Scheme 1. Schematic illustration of the experimental protocol. Shown are the sequence of experiments, age of rats for the behavioral tests, groups, and number of animals used.
Stereotactic Injection of Lentivirus
The rats were anesthetized with 10% chloral hydrate (0.35 ml/100 g) by intraperitoneal injection. The depth of anesthesia was determined by monitoring reflexes, heart rate, skin color, and respiratory rate. Anesthetized rats were placed on a stereotactic instrument and intracerebral injection was performed using a syringe with 10 μl volume and 0.5-mm flat needle. Lentiviral vectors (10 μl, 1 × 108 TU/ml), constructed by Hanbio Biotechnology Co. (Shanghai, China), were injected into the lateral ventricles (anterioposterior = −1.2 mm; mediolateral = 1.3 mm to bregma; and dorsoventral = −3.0 mm) (25). The infusion was performed at 1 μl/min and the syringe was maintained in place for 5 min after infusion was completed. The syringe was then withdrawn gradually to prevent overflow. Coomassie Brilliant Blue (Beyotime Institute of Biotechnology, Shanghai, China) was used to confirm the injection site prior to lentivirus injection (Figure S1).
Open Field Test
For the open field test, we used a black box with a height of 45 cm and a bottom of 40 × 40 cm, with a 4-W cold light source above the center of the box. Animal activity was recorded using Shanghai Jiliang Animal Behavior Analysis System (Shanghai, China). Behavioral tests were performed 1 week after lentivirus injection. Rats were placed in the center of the open field and their activity under light conditions was recorded by an infrared camera system and video synthesizer. Movement trajectories were analyzed by a computer analysis system. Analyzed behavioral changes included total crawling distance, number of rearings, and activity. After each experiment, the interior of the box was cleaned with 75% alcohol solution to remove the odor of the rat so that it would not affect the behavior of the next rat.
Morris Water Maze Test
For the Morris water maze test, a water pool with a diameter of 160 cm and a height of 50 cm was used. Water depth was 31 cm, and the temperature was maintained at 23 ± 2°C. The pool was divided into four equal-sized quadrants, each with a uniquely colored pattern on the wall as a reference. A circular platform with a diameter of 9 cm and a height of 30 cm was placed in the center of the target quadrant, submerged 1 cm below the water surface. Rats were placed in the pool on the day prior to the navigation test and were allowed to swim for 2 min to acclimatize to the maze. In each trial, the rats were introduced into the maze facing the wall at one of the four designated starting points. A camera connected to a computer was placed above the maze to record swimming trajectory, total swimming distance, and time spent searching for the platform. If the rats did not find the platform within 120 s, the latency was recorded as 120 s. Following the test, these rats were placed on the platform for 15 s to allow learning and retention. Each rat was tested four times per day, each with a different starting point. There was a 30-min rest period between trials. The experiment lasted 5 days, and the average latency and total distance were recorded and analyzed using the Shanghai Jiliang Animal Behavior Analysis System. Twenty-four hours after the last place navigation test, the platform was removed and the rats were allowed to swim freely for 120 s, once for each animal. The number of target crossings in 120 s, and time and distance in target quadrant were calculated for the spatial probe test.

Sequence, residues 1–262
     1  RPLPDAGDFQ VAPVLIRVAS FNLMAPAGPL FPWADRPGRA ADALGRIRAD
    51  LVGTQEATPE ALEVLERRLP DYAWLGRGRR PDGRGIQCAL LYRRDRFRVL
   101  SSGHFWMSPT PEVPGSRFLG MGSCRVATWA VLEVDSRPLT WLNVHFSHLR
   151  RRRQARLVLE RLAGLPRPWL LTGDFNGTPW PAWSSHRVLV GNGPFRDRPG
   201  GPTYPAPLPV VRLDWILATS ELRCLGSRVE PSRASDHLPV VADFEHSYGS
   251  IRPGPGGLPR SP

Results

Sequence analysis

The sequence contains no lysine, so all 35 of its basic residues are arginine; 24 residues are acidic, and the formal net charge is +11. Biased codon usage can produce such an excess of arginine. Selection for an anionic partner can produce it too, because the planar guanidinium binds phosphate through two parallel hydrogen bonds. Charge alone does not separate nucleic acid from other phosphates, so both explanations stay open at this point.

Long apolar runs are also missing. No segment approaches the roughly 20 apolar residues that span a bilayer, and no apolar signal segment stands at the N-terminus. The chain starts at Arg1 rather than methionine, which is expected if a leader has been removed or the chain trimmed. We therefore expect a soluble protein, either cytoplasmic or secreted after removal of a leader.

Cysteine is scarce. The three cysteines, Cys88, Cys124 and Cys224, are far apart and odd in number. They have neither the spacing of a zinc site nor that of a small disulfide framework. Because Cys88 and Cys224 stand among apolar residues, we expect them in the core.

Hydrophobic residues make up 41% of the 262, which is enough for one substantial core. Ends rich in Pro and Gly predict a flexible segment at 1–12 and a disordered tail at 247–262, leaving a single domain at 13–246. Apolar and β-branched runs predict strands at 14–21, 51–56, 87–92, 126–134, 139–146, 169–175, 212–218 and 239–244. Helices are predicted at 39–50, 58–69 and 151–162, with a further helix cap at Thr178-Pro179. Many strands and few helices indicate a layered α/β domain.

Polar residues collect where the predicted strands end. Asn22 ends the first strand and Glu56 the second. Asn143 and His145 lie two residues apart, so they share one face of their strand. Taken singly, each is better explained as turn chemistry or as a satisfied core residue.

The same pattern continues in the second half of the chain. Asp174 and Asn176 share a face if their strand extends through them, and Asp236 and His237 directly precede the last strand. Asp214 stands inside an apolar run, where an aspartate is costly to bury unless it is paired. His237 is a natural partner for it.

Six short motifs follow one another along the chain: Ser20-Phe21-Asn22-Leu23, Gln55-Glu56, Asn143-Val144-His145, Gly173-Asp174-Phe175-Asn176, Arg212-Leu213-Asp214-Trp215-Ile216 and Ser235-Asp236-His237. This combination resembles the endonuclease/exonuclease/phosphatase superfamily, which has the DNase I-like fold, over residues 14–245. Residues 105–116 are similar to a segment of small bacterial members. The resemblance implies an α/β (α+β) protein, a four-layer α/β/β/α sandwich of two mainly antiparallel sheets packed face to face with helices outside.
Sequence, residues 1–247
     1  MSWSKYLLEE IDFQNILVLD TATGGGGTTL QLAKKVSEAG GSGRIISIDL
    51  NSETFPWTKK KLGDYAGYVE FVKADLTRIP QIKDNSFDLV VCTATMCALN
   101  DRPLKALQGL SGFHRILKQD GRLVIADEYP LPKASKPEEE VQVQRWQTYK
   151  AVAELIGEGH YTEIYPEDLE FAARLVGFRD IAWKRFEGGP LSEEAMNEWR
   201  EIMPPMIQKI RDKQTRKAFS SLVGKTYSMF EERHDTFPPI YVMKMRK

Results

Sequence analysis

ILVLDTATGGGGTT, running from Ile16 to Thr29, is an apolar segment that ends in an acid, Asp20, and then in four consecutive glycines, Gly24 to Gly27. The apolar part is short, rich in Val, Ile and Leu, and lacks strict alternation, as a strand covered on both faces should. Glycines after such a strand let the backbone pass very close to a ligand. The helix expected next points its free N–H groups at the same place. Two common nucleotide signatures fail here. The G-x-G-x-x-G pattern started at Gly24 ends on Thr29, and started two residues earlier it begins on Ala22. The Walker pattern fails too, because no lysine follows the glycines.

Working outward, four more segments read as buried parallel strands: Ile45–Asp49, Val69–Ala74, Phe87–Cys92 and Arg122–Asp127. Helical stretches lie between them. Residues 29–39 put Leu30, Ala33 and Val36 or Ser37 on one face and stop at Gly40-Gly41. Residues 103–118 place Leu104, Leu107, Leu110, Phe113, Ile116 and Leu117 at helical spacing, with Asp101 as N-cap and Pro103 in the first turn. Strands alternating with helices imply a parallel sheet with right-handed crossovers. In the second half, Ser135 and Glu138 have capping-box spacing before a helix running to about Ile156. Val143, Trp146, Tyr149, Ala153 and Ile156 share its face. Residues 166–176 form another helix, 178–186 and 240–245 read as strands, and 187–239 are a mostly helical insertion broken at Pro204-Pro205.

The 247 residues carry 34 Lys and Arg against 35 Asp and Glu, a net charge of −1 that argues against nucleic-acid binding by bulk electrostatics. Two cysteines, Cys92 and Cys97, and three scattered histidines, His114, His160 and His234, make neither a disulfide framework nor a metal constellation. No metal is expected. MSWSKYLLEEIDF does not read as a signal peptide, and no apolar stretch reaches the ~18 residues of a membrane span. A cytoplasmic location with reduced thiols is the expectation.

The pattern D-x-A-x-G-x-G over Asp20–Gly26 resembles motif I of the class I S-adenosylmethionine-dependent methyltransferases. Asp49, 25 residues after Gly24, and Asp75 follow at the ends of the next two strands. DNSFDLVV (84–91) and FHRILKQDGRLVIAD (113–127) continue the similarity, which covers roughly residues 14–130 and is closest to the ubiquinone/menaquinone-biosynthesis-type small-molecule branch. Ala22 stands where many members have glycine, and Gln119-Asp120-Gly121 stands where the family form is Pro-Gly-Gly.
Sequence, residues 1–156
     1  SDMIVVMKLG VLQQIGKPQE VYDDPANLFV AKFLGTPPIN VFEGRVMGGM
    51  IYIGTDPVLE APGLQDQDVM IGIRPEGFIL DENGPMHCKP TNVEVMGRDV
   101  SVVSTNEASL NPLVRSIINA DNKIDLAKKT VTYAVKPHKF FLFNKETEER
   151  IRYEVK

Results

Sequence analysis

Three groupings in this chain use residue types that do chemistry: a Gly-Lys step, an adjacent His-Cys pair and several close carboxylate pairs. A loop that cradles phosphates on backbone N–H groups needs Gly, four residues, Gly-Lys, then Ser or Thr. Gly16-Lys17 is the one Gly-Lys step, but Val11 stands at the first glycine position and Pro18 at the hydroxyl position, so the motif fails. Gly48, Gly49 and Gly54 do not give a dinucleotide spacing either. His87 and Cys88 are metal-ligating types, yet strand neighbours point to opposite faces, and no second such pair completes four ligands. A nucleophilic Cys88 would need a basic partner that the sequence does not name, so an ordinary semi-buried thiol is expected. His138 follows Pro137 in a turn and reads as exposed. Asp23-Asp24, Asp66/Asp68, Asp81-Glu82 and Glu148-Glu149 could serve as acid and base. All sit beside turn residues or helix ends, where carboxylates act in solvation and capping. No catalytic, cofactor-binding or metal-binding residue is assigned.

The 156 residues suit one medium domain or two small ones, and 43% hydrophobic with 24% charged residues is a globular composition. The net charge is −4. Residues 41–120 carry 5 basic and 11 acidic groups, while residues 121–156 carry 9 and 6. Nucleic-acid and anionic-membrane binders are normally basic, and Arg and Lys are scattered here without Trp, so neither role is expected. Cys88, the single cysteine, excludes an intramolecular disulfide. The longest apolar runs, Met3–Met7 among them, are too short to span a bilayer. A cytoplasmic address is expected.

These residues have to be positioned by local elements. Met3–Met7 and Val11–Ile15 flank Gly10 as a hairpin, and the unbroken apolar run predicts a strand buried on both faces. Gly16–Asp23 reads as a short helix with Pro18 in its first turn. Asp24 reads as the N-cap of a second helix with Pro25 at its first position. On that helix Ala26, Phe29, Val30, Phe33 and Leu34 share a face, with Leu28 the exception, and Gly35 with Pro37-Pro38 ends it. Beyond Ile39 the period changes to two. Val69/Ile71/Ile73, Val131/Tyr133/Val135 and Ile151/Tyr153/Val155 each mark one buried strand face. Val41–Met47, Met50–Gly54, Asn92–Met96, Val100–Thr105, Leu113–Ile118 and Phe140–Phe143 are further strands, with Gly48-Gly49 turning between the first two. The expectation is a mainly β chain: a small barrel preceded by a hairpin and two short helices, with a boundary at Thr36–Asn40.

Hematoxylin and Eosin Staining
The animals were anesthetized with 10% chloral hydrate after behavioral tests, and the fresh brain tissue was removed. Brains were fixed overnight by immersion in 4% paraformaldehyde. After gradient dehydration with ethanol and dimethyl benzene, the brains were embedded in paraffin. Sections 5 μm thick in coronal position at optic chiasm were made and mounted on the slides. Slides were deparaffinized and hydrated in water. They were then immersed in hematoxylin solution for 3–5 min and then rinsed in water. Following this, slides were differentiated with acid alcohol and then rinsed again. After immersing the sections in ammonia solution, they were washed in slowly running tap water. Slides were then dyed in eosin solution for 5 min, dehydrated, and sealed. Cellular morphological changes were observed under an optical microscope. Neurons were assessed as necrotic when they showed nuclear condensation, nuclear breakdown, nuclear dissolution, and cytoplasmic acidophilia. The arrangement of cells in brain regions was observed. Cell counting was manually performed in the hippocampus (subfields CA1, CA3, and DG), prefrontal cortex, and corpus striatum. We quantified three serial sections per brain region from each animal (four rats in each group) and then calculated the average.
Quantitative Real-Time PCR (qRT-PCR)